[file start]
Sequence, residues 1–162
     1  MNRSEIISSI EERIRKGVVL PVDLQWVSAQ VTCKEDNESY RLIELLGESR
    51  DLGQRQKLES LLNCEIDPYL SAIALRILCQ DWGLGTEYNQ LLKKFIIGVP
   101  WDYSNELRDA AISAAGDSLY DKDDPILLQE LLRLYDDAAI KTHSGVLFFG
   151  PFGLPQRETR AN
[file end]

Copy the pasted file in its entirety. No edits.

Sequence, residues 1–162
     1  MNRSEIISSI EERIRKGVVL PVDLQWVSAQ VTCKEDNESY RLIELLGESR
    51  DLGQRQKLES LLNCEIDPYL SAIALRILCQ DWGLGTEYNQ LLKKFIIGVP
   101  WDYSNELRDA AISAAGDSLY DKDDPILLQE LLRLYDDAAI KTHSGVLFFG
   151  PFGLPQRETR AN